In 1929, Albert Einstein – theoretical physicist and Nobel prize winner – visited the Belgian Royal court and a friendship began between him and the Queen of the Belgians, born Elisabeth of Bavaria. They played music together.
In early November 1929, Einstein was visiting Paris, and Elisabeth wrote to him, “It would give us much joy if you could come to Brussels on your way back to visit us at Laeken. Bring your violin! So, hope to see you soon! With kind regards, Your Elisabeth.” Unfortunately, Einstein was unable to make to Brussels.
Luckily for her, he did not stay away for long, and in October 1930, he came by with several others and Elisabeth enjoyed their company and even took their photos with her own little camera. They also played music for several hours, and then he unexpectedly was invited over for dinner (spinach with eggs and potatoes) which was just with the King and Queen and no staff. He wrote to his wife, “I really enjoyed my visit, and I am sure they feel the same.” During a more formal dinner at the end of the visit, he was seated next to Elisabeth.
For Elisabeth, Einstein and making music were a way out of her golden cage. Music was like oxygen to her, and she enjoyed Einstein’s lack of interest in protocol and his apparent fame. On 10 December 1932, Einstein and his wife departed Antwerpen and headed for California. Einstein soon realised he could not return to Germany with the rise to power of Adolf Hitler. He did, however, return to Belgium and his rented villa was under the protection of county guards. He went to the German Embassy to surrender his German passport. During this time, he enjoyed musical breaks with Elisabeth, but his wife did not feel safe in Belgium. In September, they left Europe for good. Elisabeth and her husband wrote to him, “With sadness we see you leave to America and we hope to see you again soon. In our thoughts, we are with you, and we wish you a good journey and better days. May God protect you and bring insight into the minds of those people who are driven by madness to the wrong path.”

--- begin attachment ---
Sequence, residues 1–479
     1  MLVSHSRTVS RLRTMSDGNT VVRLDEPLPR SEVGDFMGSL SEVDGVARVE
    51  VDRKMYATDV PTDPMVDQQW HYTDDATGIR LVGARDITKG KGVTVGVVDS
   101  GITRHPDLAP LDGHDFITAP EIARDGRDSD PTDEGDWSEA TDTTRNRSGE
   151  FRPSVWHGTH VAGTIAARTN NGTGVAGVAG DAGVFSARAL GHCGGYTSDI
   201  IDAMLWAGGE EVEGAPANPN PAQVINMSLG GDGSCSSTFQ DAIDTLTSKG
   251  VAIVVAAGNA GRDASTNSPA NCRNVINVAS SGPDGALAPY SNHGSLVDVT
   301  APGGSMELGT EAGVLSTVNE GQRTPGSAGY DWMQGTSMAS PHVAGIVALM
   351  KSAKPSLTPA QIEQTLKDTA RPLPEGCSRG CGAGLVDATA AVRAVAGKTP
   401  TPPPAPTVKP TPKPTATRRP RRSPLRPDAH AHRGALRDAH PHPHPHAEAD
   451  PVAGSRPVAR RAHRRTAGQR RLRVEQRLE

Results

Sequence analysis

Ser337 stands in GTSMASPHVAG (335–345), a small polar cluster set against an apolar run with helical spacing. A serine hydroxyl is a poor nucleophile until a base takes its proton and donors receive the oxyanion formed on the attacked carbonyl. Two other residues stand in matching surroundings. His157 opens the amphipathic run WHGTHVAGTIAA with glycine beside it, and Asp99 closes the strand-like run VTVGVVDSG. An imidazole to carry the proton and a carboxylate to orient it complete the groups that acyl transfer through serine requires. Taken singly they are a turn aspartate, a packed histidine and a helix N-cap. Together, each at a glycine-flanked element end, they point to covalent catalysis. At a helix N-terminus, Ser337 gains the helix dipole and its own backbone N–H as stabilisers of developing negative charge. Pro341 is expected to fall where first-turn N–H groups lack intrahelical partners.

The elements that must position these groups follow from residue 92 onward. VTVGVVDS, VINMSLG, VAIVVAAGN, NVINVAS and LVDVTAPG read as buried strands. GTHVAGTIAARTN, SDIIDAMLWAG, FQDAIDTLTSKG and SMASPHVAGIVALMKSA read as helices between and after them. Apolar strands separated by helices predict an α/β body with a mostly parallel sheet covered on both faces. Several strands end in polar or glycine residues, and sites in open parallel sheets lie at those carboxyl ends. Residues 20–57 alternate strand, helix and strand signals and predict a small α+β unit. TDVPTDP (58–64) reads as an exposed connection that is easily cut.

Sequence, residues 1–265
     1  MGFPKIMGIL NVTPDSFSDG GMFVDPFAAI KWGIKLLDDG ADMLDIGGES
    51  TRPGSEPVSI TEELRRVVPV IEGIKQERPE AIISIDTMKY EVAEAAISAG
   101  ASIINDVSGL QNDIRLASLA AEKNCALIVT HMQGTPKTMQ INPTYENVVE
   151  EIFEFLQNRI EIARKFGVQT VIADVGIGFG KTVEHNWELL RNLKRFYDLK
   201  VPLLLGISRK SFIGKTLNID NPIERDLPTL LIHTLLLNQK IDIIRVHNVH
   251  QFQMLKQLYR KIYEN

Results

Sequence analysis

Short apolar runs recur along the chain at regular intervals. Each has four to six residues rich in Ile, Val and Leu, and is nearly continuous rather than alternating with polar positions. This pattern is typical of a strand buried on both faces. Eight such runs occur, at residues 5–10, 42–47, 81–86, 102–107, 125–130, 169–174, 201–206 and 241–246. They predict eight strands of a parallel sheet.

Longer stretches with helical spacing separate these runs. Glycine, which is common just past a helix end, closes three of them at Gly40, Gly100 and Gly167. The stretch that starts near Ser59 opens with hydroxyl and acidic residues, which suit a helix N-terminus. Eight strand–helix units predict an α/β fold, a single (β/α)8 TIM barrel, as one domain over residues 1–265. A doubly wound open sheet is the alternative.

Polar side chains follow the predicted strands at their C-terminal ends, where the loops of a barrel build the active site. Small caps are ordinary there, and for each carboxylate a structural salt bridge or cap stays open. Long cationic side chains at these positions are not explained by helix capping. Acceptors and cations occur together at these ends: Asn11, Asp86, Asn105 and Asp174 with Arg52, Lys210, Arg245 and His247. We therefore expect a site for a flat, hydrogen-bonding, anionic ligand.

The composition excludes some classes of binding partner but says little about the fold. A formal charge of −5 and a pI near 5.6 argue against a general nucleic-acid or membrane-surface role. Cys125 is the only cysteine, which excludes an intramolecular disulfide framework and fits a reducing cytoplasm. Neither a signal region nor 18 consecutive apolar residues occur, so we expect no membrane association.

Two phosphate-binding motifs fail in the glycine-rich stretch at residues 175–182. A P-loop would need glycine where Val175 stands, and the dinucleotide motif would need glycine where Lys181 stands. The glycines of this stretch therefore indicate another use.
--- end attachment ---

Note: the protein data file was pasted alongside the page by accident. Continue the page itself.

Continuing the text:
Einstein contacted Elisabeth once more to ask for help for an old friend of his, Julius Levin. He too had fled Germany, and with her “special interest” in him, he soon received leave to stay in Belgium. Einstein wrote to her, “I have also heard what you did for good old Levin, and that has done me the greatest pleasure. It is not just what you did, but especially how you did it. It was heartwarming. Such a combination of favour, seriousness and goodness is normally only found in a fairytale world.” He also promised her that he would not give up the violin.
Elisabeth’s husband died in a mountaineering accident on 17 February 1934 and Elisabeth was devastated. She wrote to her daughter, “My pain is endless, and the void becomes greater every day.” Her old friend Einstein wrote to her three days after her husband’s death. “Not so often have I been so deeply shocked as by the news of the heavy blow that destroyed your harmonious existence.” She finally found the strength to write back to him in May. “From the depths of my heart, I thank you for your compassionate letter. The beautiful, uplifting thoughts with which you honour my beloved husband, have touched me deeply in my indescribable grief.”